Thursday Jul 05, 2012

Project OpenPTK Release 2.1 Available

The OpenPTK owners are pleased to announce that release 2.1 is available.  It has been "tagged" in the svn repository. See the download page for details.  

This release is an update to version 2.0.  This release contains bug fixes, enhancements to existing capabilities, and new features.  The most notable change in this release is the use of maven, instead of ant, for the build process.  The adoption of maven has made the project more modular, reduced its download size (less bundled jar files) and will enable the future support of Project OpenPTK in a maven repository.

For full details, see the OpenPTK version 2.1 Release Notes

Monday Nov 12, 2007

Source Code Posted

Last Friday the Project OpenPTK team (Derrick, Terry and I) did an initial check-in of the source code. You can download the pre-built samples and browse the source code. Details related to the source code can be found on http://www.ohloh.net. Our initial check-in was about 120 files and included over 15,000 lines of code (that's minus blank lines and comments). The Javadocs for the Java API are available on http://www.openptk.org.

Friday Oct 12, 2007

Announcing Project Open Provisioning ToolKit (OpenPTK)

Derrick Harcey, Terry Sigle and I (Systems Engineers in Sun's Software Practice) publically announced Project OpenPTK at Sun's Customer Engineering Conference (CEC) 2007 in Las Vegas, Nevada.

In addition to my co-founders (Derrick and Terry), i'd like to thank lots of other people that helped make this project possible. The three of us put in a lot of evenings and weekends.

  • My wife: I spent a few weekends and evenings writing code and having conference calls. I woke her up sometimes while dicsussing issues during 1:00 AM conference calls.
  • My two boys: while they were either at swimming lessons or at Tae Kwon Do classes, I would occasionally bring my laptop to write code or read technology books for research.
  • My management supported this project since day one. Thanks for supporting our vision.
  • Sun's engineering, marketing, open source and legal teams.

Being a member of Project OpenPTK has allowed he to see, first hand, that Sun believes in and supports open source projects.

Wednesday Jun 14, 2006

I discovered the Future (and FutureTask)

I'm working on updating a Java program that has to call a Web Service. The application is a Corporate phonebook (white pages) that uses the Sun LDAP Directory server. One option in the program calls a Web Service to get external (non-LDAP) data about a person. The application would wait if the Web Service was either slow or not available, eventually timing out. The timeout was too long for the end-user.

The requirement was to have the application call the Web Service with the option of setting a specific timeout.

I reviewed my Java books on threading, searched the web and tried to write a test Java app that would create a Thread, have the new Thread call the Web Service and stop if the Thread took too long. I tried using various combinations of

wait(millseconds)

and

notify()

to make something happen. No luck. I asked a friend "What am I doing wrong"?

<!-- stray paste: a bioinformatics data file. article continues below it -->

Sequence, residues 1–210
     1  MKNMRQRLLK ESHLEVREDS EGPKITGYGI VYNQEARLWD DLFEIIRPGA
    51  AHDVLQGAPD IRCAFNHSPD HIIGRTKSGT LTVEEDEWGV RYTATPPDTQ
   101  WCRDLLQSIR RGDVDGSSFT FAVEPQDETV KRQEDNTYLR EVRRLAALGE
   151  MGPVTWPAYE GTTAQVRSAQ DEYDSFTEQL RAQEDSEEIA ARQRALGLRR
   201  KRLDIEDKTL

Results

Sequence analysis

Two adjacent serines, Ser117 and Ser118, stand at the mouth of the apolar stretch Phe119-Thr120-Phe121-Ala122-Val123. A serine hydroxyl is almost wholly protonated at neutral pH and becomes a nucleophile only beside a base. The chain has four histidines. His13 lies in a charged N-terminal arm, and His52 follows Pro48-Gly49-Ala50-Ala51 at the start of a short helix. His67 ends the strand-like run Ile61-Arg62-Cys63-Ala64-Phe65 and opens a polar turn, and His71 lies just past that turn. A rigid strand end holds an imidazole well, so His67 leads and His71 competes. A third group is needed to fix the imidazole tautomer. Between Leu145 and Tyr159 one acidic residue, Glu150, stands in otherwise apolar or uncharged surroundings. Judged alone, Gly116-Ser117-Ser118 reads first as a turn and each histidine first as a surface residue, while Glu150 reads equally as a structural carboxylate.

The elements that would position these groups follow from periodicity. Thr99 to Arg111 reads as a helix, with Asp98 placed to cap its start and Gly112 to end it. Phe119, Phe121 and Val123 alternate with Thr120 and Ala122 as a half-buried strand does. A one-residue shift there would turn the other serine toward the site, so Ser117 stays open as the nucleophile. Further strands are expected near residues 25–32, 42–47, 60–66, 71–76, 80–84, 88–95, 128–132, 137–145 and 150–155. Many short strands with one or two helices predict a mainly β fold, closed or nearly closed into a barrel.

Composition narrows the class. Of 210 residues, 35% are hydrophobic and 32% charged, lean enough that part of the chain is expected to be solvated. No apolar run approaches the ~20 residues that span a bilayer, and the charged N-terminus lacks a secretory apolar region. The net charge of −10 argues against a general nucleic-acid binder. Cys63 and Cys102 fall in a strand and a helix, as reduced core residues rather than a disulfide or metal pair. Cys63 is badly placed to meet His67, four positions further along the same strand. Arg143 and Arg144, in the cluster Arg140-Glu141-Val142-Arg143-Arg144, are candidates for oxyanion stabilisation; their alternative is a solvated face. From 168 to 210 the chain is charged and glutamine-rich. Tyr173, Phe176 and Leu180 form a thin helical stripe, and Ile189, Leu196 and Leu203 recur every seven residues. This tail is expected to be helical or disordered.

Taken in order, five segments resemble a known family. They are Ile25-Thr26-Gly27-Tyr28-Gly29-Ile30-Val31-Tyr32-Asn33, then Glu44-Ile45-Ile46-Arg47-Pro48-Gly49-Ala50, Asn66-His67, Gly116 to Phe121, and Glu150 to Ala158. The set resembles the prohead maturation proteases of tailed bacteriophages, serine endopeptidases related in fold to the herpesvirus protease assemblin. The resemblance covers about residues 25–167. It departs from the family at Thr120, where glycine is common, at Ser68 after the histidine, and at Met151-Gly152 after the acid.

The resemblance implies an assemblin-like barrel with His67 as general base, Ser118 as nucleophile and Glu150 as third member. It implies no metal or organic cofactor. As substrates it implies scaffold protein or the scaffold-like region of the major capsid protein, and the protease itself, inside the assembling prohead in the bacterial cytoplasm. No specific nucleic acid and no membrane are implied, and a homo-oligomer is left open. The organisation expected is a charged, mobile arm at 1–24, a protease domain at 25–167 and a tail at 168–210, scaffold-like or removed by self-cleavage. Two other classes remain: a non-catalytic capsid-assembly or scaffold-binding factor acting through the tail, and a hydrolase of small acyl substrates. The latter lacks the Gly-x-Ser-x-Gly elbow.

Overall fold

His anwser was

java.util.concurrent.FutureTask

Thanks again to Brian Doherty for the advise.

The java.util.concurrent.\* package is new in the Java SE 5.0 release. I found a great example of using FutureTask in Core Java 2 Volume II - Advanced Features, Seventh Edition Chapter 1. Multithreading. The get(timeout_value,timeout_unit) method was exactly what I needed. It was soooooo much easier to implement a test program with the java.util.concurrrent package then by manually trying to make wait()/notify() work. Here's my test program which has a timeout value set to expire before the work (sleeping) is complete:

import java.util.concurrent.Callable;
import java.util.concurrent.ExecutionException;
import java.util.concurrent.FutureTask;
import java.util.concurrent.TimeUnit;
import java.util.concurrent.TimeoutException;

public class testFutureTask
{
   Perform perform = null;
   FutureTask task = null;
   Thread thd = null;
   
   public testFutureTask()
   {
   }
   
   public static void main(String[] args)
   {
      testFutureTask test = new testFutureTask();
      test.begin();
   }
   
   private void begin()
   {
      String answer = null;
      perform = new Perform("what is the question");
      task = new FutureTask(perform);
      thd = new Thread(task);
      thd.start();
      System.out.println("\\nPerforming the Task, (please wait) ... \\n");
      try
      {
//         answer = task.get();  // run until complete
         answer = task.get(5000,TimeUnit.MILLISECONDS); // timeout in 5 seconds
      }
      catch (ExecutionException e)
      {
         e.printStackTrace();
      }
      catch (InterruptedException e)
      {
         answer = "got interrupted.";
      }
      catch (TimeoutException e)
      {
         answer = "tired of waiting, timed-out.";
      }
      System.out.println(answer);
      return;
   }
}

class Perform implements Callable
{
   private String input = null;
   private String output = null;
   
   public Perform(String input)
   {
      this.input = input;
   }
   
   public String call() throws Exception
   {
      output = "The response to '" + input + "' is 42";
      try
      {
         Thread.sleep(10000);
      }
      catch (InterruptedException e)
      {
         System.out.println("Perform::call(), sleep interrupted.");
      }
      return output;
   }
}
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Scott Fehrman

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